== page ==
TUESDAY, July 11, 2017 – People with insurance that covers virtual colonoscopy are nearly 50 percent more likely to get screened for colon cancer, a new study shows. Like traditional colonoscopy, the newer, virtual test can detect precancerous polyps and cancer, but it's less invasive. It uses CT technology to see inside the colon. The American Cancer Society recommends so-called CT colonography as one way to screen people for colon cancer starting at age 50, but not all insurance companies cover it. Only about two-thirds of people who should be screened for colon cancer actually get tested, said the study's lead author, Dr. Maureen Smith. She is a professor in the University of Wisconsin-Madison School of Medicine and Public Health. "CT colonography is a newer technology that can detect both pre-cancer and cancer, but because it's relatively new it isn't widely covered by insurance ... Read more

Related support groups: Colonoscopy, Colorectal Cancer, Diagnosis and Investigation, Familial Adenomatous Polyposis, Body Imaging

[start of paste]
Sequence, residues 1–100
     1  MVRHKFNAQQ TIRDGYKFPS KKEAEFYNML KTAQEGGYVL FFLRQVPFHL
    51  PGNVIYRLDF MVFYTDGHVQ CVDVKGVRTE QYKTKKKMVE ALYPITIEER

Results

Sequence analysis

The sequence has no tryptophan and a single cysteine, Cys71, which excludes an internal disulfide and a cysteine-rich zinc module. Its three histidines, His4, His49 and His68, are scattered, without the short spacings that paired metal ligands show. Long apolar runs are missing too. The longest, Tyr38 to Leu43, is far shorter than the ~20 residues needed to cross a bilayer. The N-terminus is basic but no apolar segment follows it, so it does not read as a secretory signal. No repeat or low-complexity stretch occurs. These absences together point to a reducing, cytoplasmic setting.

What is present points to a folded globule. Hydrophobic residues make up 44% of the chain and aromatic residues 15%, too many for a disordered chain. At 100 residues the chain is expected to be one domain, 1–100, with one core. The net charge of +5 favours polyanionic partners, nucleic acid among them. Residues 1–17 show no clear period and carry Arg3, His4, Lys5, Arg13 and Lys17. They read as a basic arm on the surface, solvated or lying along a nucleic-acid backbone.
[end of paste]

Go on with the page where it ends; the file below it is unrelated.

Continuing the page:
Blacks More Prone to Colon Cancers That Arise Between Colonoscopies: Study

Posted 23 May 2017 by Drugs.com

MONDAY, May 22, 2017 – Colon cancer guidelines now recommend a colonoscopy every 10 years, beginning at age 50 for people at average risk for the disease. But a new study finds that older black Americans are far more likely than whites to develop a colon cancer in the decade-long gap between these screenings. Some of this may be due to where black patients receive their colonoscopy, the researchers said. "Blacks and other minorities more frequently received colonoscopies from physicians with lower [colon] polyp detection rates, suggesting there was lower quality of care," said study lead author Stacey Fedewa, a researcher with the American Cancer Society. Speaking in society news release, she said the findings "are consistent with previous reports that blacks were more likely to receive health care from physicians in lower resource settings." In the study, Fedewa's team tracked data ... Read more

Related support groups: Colonoscopy, Colorectal Cancer, Familial Adenomatous Polyposis

Overweight Boys Face Higher Colon Cancer Risk as Adults

Posted 21 May 2017 by Drugs.com